NBC says that there could be nearly 7 million personalized variants of the recaps, and that a team of human editors will review the content before it is released to users. (That layer of quality control will be especially important when it comes to the pronunciation of the athletes’ names.)

John Jelley, senior vice president of product and user experience at Peacock, said that the scale of the Olympics—the Paris Games will feature 32 sports and more than 300 medal events—made it the perfect place to deploy the technology. “It would be impossible to deliver a personalized experience with a legendary sportscaster to millions of fans without it,” Jelley said.

It also would have been impossible unless Michaels was fully on board. “This was born of curiosity because I’m a very curious person,” Michaels said. “I was approached about this project and didn’t really understand too much about it. Believe me, I am no techie by any stretch of the imagination, but I know that, ready or not, here comes artificial intelligence.”

Like many of us, Michaels has mixed feelings about the proliferation of artificial intelligence—and that goes beyond the realm of sports. For starters, he worries that it will stoke the flames of misinformation, which he called “the bane of our existence these days.”

“People are being thrown curveballs,” he said. “Can this be manipulated to the point where people are getting either catfished or gaslighted?”

He is also concerned about its implications on the workforce. A longtime Los Angeles resident, Michaels is close friends with a number of Hollywood screenwriters who have shared with him their anxieties about AI’s threat to their own livelihoods. “It could take jobs away from people, the writers who need to work,” he said.

But Michaels is also enthralled with AI’s potential for good, like its ability to unlock our understanding of diseases. “This is a pipe dream,” Michael said, “but if AI could someday take everything that’s ever been known and researched about cancer and somehow advance the curing of cancer—I mean, now that would be the all-time greatest thing that could happen.”

Michaels, 79, may not be a techie, but he is no Luddite either. He is fascinated by artificial intelligence, telling me he wants to learn as much about it as he can.

After NBC approached him about the Olympics project, Michaels’s curiosity was piqued and he decided to conduct a personal experiment. He went on ChatGPT and asked it to generate 10 plotlines for a modern-day adaptation of the 1950s-era sitcom Father Knows Best. Within seconds, the bot served up a variety of contemporary scenarios—one about the dad’s futile efforts to fix the Wi-Fi router, another about the dad enjoying unexpected viral fame after his kids teach him the ins and outs of social media. Michaels said he was “amazed and frightened at the same time.”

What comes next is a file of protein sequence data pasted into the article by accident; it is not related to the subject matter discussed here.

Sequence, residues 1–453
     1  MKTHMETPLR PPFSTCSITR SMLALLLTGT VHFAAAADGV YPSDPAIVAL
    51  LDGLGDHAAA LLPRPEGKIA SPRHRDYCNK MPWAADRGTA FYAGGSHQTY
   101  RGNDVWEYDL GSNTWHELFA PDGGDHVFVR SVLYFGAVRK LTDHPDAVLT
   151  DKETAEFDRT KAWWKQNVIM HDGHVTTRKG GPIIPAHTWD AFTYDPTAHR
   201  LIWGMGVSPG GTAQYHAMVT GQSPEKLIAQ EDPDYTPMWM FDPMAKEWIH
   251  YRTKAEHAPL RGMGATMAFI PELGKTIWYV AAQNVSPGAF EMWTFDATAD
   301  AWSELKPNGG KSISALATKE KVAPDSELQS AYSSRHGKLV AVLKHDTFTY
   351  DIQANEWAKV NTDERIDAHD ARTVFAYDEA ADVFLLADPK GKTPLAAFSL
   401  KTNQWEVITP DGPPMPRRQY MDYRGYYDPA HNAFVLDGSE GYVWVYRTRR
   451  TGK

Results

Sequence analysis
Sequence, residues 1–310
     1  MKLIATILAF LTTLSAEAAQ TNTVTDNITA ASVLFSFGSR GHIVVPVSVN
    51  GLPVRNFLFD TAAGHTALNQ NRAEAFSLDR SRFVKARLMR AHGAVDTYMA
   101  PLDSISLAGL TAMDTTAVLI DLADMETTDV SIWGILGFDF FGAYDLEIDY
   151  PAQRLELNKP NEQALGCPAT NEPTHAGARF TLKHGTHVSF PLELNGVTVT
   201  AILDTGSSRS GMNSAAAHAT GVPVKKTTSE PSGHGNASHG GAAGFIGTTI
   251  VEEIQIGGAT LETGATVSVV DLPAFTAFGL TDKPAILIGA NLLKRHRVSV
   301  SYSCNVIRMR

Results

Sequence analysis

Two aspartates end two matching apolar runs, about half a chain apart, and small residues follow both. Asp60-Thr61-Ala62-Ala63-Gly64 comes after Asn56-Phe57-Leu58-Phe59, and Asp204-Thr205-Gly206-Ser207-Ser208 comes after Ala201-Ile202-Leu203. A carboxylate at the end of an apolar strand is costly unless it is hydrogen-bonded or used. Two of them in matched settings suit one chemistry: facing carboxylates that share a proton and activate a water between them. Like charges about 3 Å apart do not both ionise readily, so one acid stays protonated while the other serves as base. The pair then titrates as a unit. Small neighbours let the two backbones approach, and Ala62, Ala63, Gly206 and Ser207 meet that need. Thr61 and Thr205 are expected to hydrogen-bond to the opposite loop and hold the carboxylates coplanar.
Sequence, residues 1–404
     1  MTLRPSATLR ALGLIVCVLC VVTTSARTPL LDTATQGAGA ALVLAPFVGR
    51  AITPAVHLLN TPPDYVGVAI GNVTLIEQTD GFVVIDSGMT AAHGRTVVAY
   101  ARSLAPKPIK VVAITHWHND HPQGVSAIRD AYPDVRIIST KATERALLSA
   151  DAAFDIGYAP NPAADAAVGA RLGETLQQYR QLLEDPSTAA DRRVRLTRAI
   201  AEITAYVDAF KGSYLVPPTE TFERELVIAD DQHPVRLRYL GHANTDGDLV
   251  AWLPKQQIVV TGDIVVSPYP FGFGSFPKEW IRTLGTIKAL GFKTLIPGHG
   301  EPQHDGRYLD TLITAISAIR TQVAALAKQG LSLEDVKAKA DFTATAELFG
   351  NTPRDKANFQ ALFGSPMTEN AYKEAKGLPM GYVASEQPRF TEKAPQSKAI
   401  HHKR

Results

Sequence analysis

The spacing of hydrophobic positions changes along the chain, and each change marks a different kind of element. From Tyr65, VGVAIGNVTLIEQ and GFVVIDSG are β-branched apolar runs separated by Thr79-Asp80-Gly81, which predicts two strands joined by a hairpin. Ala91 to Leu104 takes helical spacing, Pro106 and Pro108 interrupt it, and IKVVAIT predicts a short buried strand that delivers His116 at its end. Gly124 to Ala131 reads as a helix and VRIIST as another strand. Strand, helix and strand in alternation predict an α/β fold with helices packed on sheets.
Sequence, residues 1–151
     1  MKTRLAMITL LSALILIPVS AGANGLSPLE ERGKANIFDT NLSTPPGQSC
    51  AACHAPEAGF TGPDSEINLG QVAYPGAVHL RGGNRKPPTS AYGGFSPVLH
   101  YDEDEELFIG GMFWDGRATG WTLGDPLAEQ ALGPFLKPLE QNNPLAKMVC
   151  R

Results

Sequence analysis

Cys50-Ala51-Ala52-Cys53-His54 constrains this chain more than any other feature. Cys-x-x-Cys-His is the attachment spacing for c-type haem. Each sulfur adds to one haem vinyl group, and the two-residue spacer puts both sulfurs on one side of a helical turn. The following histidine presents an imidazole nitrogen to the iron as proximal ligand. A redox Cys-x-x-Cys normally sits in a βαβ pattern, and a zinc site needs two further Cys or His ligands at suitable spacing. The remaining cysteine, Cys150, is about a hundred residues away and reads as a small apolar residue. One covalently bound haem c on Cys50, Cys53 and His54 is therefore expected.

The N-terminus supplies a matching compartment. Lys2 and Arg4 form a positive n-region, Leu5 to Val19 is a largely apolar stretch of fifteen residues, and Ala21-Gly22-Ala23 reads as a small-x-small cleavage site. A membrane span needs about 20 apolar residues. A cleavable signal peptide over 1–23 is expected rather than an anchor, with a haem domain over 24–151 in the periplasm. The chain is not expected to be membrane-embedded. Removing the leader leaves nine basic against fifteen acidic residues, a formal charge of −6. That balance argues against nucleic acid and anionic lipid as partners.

“I’m going, There has to be a man inside there. There’s a person inside there,” he marveled. “It knows what [the show] was. It takes the plot and advances it to 2024.”

He shared the results with his buddy Alec Berg, a longtime TV writer who served as cocreator of Barry, who Michaels says responded, “I may have to get into the plumbing business.”

Voice cloning through artificial intelligence has surged in recent months: It has been used by companies to improve efficiencies as well as by rank-and-file internet users to create so-called deepfakes. OpenAI, the company behind ChatGPT, revealed in March that it had created a tool that can recreate a person’s voice using just 15 seconds of recorded audio, but said it would not release it to the public due to concerns over potential misuse. Last year, the popular sports podcaster Bill Simmons revealed that his employer, Spotify, was developing AI to recreate its hosts’ voices for advertisements. Just last week, Universal Music Group inked a deal with an AI music-tech startup to help artists design their own voice clones.

As for Peacock, president Kelly Campbell indicated that the streamer may not be finished with the technology, though she stressed the importance of “ensuring that human creativity remains at the core of everything we do.”

“Generative AI is obviously evolving rapidly,” she added, “so we’ll continue to follow these developments closely and explore the latest advancements to make sure we deliver the best possible experience for Peacock customers.”

Such technology might someday leave voice actors and broadcasters on the sidelines. When he heard the AI recreation of his voice, Michaels could feel his own job being rendered obsolete: “I just sat there and thought, In the next life, I’m going to need a new profession.”

But for now, Michaels views Peacock’s feature as a way to keep him in the mix during this summer’s showcase in Paris. “Even though it’s an odd way to transition to something—not calling the events, not really recording anything—it does keep me somewhat attached to the Olympic Games, which I’ve always loved,” he said.